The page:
General Catalyst brings more than just money to the table. We wanted a partner to help us as we strengthen our relationships with big media and cable companies. As we learned (the hard way), it is a complicated world.. Neil and General Catalyst as a firm have years of experience, deep understanding, and extensive network in these industries, and we are looking forward to working together with them.
Going forward we plan to focus on:
* Improving the product – We are working on the Beta release (due later this fall), but also looking beyond Beta and into the roadmap of 2010. The idea is to have a healthy mix of development driven by user feedback (which is the essence of the upcoming Beta) and innovation that comes from within Boxee.
* Adding more content – We believe Boxee can be a great partner for independent content producers as well as big media companies. We will try to bring more TV Shows, Web Shows and Movies from ad-based, subscription-based and a la carte type services.
* Attracting more developers – While we have an App Store on Boxee, we know it needs some love. For Developers, we know it needs to be easier to develop and monetize apps. For users, we’re going to make it easier to find apps on Boxee. Last but not least we’re going to extend the APIs so everyone can do more with Boxee.
* Bringing Boxee into devices – Boxee today is mostly serving a tech-savvy audience – those who feel comfortable connecting a computer to a TV. To make Boxee more accessible for a mainstream consumer it’s important for us to get Boxee embedded into connected TVs and Blu-Ray players, game consoles and set-top boxes. We’re already talking to device makers to ensure Boxee works on a variety of platforms for 2010.
We are really excited about the future and glad to have General Catalyst and Neil as part of the team.
I first met Avner and the boxee team back in ‘07, when a friend introduced me to them as a “digital living room” play. With over 10 years building those kinds of products for Sling Media and Mediabolic, I was almost immediately uninterested. When I actually got to see a demo of the boxee.tv platform in the Spring of 2008, it only took a few moments for me to realize how good their products were, and how big the opportunity would be. Today they announced they raised $4 million from two of the top VCs I know of (USV/Fred Wilson and Spark/Bijan Sabet), in one of the harshest investment climates we’ve seen in years. Yup, they’re on to something.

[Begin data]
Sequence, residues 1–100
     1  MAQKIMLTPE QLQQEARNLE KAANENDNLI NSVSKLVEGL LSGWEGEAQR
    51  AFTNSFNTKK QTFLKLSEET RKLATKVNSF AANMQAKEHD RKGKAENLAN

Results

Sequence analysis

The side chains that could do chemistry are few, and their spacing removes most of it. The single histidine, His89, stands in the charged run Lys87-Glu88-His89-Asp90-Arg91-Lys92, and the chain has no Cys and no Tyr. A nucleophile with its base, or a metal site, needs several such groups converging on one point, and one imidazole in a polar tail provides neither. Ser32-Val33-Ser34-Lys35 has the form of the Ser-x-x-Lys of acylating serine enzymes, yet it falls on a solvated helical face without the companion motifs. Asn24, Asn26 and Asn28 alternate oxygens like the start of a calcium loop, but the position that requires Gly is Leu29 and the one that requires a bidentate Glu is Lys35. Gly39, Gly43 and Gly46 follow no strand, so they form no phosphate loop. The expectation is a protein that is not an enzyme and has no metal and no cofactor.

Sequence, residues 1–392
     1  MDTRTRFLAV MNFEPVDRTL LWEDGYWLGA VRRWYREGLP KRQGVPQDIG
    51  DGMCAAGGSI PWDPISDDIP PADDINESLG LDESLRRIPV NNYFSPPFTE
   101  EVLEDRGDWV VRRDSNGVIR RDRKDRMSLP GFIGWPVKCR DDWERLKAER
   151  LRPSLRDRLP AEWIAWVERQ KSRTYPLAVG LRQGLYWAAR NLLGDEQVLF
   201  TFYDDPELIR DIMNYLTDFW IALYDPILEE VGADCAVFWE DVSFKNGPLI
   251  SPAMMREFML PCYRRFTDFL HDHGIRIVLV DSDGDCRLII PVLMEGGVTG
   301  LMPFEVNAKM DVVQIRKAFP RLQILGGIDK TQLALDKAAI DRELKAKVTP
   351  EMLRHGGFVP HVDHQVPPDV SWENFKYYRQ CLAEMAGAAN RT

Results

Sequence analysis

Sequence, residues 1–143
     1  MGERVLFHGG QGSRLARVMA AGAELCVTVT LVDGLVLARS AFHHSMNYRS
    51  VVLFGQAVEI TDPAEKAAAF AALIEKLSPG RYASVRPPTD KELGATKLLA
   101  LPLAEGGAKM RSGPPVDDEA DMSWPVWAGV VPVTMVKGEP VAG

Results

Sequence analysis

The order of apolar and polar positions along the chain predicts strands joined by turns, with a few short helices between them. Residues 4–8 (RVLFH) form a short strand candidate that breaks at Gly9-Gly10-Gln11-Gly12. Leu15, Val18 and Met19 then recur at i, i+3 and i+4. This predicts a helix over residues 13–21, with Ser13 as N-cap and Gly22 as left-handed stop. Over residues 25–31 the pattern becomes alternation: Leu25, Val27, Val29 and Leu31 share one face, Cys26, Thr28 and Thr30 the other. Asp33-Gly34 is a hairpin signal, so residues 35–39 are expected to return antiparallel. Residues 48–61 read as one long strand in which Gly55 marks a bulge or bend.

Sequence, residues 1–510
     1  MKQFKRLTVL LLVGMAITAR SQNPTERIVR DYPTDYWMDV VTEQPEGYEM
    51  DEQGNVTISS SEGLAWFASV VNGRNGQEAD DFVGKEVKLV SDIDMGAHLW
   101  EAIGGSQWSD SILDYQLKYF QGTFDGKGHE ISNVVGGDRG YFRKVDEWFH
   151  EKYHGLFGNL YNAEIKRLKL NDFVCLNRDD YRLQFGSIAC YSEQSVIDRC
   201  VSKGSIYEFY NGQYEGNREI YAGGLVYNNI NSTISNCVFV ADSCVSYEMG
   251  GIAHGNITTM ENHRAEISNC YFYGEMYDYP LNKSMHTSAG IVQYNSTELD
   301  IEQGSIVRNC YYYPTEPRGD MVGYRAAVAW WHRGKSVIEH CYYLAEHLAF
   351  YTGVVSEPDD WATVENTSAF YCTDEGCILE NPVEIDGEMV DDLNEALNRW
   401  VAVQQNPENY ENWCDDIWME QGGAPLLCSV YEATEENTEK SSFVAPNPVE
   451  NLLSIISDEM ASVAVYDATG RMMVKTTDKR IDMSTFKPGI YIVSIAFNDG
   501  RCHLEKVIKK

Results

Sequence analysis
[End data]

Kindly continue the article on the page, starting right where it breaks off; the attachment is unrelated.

Per the boxee blog:
our goals for 2009:
- grow out of our comfortable closed-alpha cocoon and launch a kick-ass beta
- build even more functionality and content into boxee while making it easier to navigate
- listen to user requests, ideas and frustrations (and improve the product accordingly)
- work with team-xbmc, developers and partners to extend boxee beyond the confines of our limited resources
- finish the year with ~ 1,000,000 users
Sounds like some good goals! We’re excited to be a part of the boxee team, and if you’ll be at CES 2009 please come by to see them in the fab booth they were given for winning the I-Stage competition! Guess we’re not the only ones who like em…
Coverage so far:
Congratulations to Avner, Dave, Gidon, Tom and the rest of team boxee for winning CEA’s i-Stage event yesterday afternoon. boxee’s unique social media center was voted by the Consumer Electronics Association (CEA) and judges Ryan Block (gdgt), Molly Wood (Cnet), Jeff Pulver (VOIP/Online TV pioneer), and Kevin Kelly (Wired) as America’s Next Top Gadget (err, software?).
boxee beat out hundreds of other companies to become one of 14 finalists, then went on to win the competition yesterday and will receive a turnkey exhibit booth at CES along with a check for $50,000. They’ve got an amazing team of engineers that continue to push the limits of what media center software should do – making it easy for anyone to organize, enjoy, and explore their media in new ways, including socially!.
We’d like to congratulate our favorite social media center company, boxee.tv, for being selected as one of 15 finalists for the CES 2009 I-Stage event. I-Stage is a new event for CES, which they’ve labeled with “Think you’ve got America’s next top gadget? Prove it. “ The event is being judged by Kevin Kelly (Wired), Ryan Block (Engadget/gdgt), Jeff Pulver, and Molly Wood.
The 15 finalists will unveil their products before a live audience on Monday, October 20, at CEA’s 2008 Industry Forum, scheduled October 19-22, 2008, at the Four Seasons Hotel in Las Vegas, NV.
Good luck Avner and the rest of Team Boxee!